Identifying Eating Occasion-Based Opportunities to Improve the Overall Diets of Australian Adolescents.Nutrients. 2017 Jun 14; 9(6)N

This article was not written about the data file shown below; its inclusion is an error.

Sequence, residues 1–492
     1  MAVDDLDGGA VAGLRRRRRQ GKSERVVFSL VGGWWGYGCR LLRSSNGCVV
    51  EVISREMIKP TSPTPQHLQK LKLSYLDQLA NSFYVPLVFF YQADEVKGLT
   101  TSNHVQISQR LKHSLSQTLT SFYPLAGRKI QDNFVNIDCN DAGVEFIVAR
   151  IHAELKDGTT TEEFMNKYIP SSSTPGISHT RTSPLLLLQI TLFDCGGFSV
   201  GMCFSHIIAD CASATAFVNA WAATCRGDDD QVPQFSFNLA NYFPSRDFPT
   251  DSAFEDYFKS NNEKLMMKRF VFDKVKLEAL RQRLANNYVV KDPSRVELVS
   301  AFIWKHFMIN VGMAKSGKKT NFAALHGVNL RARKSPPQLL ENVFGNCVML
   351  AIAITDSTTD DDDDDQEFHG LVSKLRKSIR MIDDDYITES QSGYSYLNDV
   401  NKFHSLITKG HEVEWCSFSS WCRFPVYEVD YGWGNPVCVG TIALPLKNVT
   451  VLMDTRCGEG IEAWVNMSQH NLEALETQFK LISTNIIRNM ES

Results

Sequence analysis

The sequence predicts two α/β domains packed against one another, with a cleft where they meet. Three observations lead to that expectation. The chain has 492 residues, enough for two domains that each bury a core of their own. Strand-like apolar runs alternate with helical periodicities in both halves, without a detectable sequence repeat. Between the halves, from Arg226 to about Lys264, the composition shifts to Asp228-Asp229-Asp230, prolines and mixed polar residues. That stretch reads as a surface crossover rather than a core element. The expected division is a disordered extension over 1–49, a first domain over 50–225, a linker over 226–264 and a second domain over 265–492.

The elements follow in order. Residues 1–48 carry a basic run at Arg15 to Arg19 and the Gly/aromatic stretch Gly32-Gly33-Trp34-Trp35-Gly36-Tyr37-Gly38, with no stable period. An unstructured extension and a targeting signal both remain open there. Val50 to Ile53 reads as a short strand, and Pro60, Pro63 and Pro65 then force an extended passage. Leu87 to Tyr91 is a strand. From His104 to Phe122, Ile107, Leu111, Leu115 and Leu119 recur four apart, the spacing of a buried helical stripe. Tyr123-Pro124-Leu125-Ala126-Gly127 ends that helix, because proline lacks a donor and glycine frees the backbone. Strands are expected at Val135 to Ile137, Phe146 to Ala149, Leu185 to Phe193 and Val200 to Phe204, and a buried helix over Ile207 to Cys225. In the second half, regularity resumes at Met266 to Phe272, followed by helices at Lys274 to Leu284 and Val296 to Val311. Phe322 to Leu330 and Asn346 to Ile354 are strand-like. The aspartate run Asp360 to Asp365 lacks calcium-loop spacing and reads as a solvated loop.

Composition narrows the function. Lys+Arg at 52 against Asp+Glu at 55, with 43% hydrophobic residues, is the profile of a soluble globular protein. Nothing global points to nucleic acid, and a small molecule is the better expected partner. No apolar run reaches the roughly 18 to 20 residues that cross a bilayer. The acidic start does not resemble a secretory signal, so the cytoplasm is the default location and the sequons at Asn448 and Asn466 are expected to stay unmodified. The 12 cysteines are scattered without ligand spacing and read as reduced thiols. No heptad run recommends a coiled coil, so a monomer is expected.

Adolescents in Australia have a poor dietary intake, leading to large numbers of them being at risk for inadequate intake of micronutrients, and excessive intake of less healthful dietary components. This study examined dietary intakes at multiple eating occasions to identify opportunities for more targeted recommendations and strategies to improve dietary intakes among adolescents. Data from the first 24-h recall of 14-18 years old in the 2011-2012 National Nutrition and Physical Activity Survey were analysed (n = 772). Participant-defined eating occasions were classified as breakfast, lunch, dinner or other eating occasions combined. The mean percent contribution to the total day intake of top shortfall nutrients (calcium, magnesium, vitamin A, iron), discretionary calories, saturated fat, free sugars and sodium, as well as nutrient density, the foods consumed and the percent of consumers at each eating occasion, were calculated. Breakfast had the lowest prevalence of consumers (81%), contributed the least to total daily energy (14.6%) and almost a quarter of daily calcium and iron. Other eating occasions combined contributed 47.5% of free sugars and were top contributors of daily calcium (34.6%) and magnesium (31.7%). Discretionary foods contributed 32.4% of the energy at lunch, and the sodium content at lunch was 415 mg/1000 kJ. Key opportunities identified for adolescents were to increase breakfast consumption, given the high nutrient densities of breakfasts consumed; improve overall lunch quality, particularly the sodium content; promote the intake of milk, fruit and a variety of vegetables at both lunch and dinner; maintain healthful choices at in-between meal eating occasions while focusing on decreasing the intake of discretionary foods.